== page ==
It was the latest in a series of retaliatory attacks on the Web sites of multinational companies and other organizations that Internet activists deemed hostile to the WikiLeaks anti-secrecy organization and its jailed founder, Julian Assange, The New York Times reported.
Earlier, Internet activists brought down the Swedish government's Web site and threatened more attacks in an escalating cyber battle.
The official Swedish site was offline for several hours overnight with a message saying the site could not be accessed, Britain's Daily Telegraph said.
Swedish prosecutors issued an international arrest warrant against Assange on sexual assault allegations.
Commercial Web sites, including Visa and MasterCard, already had been blitzed after saying they no longer would do business with WikiLeaks, the whistle-blowing Web site that recently made available more than 250,000 U.S. State Department cables, some of which were included in several newspaper articles.
A group called "Anonymous" claimed responsibility for the attacks, saying they were carrying out "Operation Payback."
Dutch authorities said they arrested a 16-year-old boy suspected of being involved in attacks on the Web sites of MasterCard and Visa, The Wall Street Journal reported.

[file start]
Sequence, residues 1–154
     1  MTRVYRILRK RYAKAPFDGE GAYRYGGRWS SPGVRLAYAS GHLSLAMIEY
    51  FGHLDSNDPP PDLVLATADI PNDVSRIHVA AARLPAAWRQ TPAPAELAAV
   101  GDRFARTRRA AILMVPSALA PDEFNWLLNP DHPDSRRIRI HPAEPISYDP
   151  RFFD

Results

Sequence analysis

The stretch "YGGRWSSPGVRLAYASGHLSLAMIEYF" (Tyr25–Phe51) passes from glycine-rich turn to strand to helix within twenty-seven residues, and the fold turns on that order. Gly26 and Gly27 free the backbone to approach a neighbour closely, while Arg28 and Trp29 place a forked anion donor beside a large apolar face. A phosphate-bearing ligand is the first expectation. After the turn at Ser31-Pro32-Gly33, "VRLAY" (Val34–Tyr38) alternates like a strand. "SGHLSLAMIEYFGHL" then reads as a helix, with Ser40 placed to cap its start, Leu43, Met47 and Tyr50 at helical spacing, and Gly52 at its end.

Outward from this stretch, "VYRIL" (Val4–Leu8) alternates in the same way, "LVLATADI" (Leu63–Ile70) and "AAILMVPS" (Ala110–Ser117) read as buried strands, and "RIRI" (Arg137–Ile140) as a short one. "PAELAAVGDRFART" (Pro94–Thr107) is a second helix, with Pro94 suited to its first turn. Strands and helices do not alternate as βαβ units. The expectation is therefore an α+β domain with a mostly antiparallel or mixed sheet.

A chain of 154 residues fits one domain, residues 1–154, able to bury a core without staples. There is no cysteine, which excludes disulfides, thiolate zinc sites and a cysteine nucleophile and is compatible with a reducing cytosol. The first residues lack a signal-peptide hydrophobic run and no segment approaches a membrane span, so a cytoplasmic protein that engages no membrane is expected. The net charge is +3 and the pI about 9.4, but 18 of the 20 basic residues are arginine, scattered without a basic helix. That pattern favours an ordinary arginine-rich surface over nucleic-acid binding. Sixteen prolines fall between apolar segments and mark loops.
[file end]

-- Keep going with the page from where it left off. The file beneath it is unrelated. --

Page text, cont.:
Assange was in a London jail after he surrendered to authorities earlier this week. The charges filed by Swedish prosecutors are not related to WikiLeaks, and Assange said the sexual assault allegations are part of a smear campaign.
A 22-year-old software engineer in London who goes by the moniker "Coldblood" said the cyberattacks by Anonymous aren't over, several British publications reported. Actions so far have been a "distributed denial of service," in which the target site is hit with a huge number of visitors intent on forcing the site to exceed its capacity and crash.
"The campaign is not over, it's still going strong. More and more people are joining," the Telegraph reported Coldblood as saying. "I see this as becoming a war -- but not a traditional war. This is a war of data. We are trying to keep the Internet free for everyone."
Coldblood said Web sites seen as "bowing down to government pressure" are targets, The Daily Mail reported.
"We feel that WikiLeaks has become more than just about leaking of documents, it has become a war ground, the people versus the government," Coldblood said. "The idea is not to wipe them off but to give the companies a wake-up call."
Anonymous has been tied to attacks on Web sites belonging to the Church of Scientology and the music industry.
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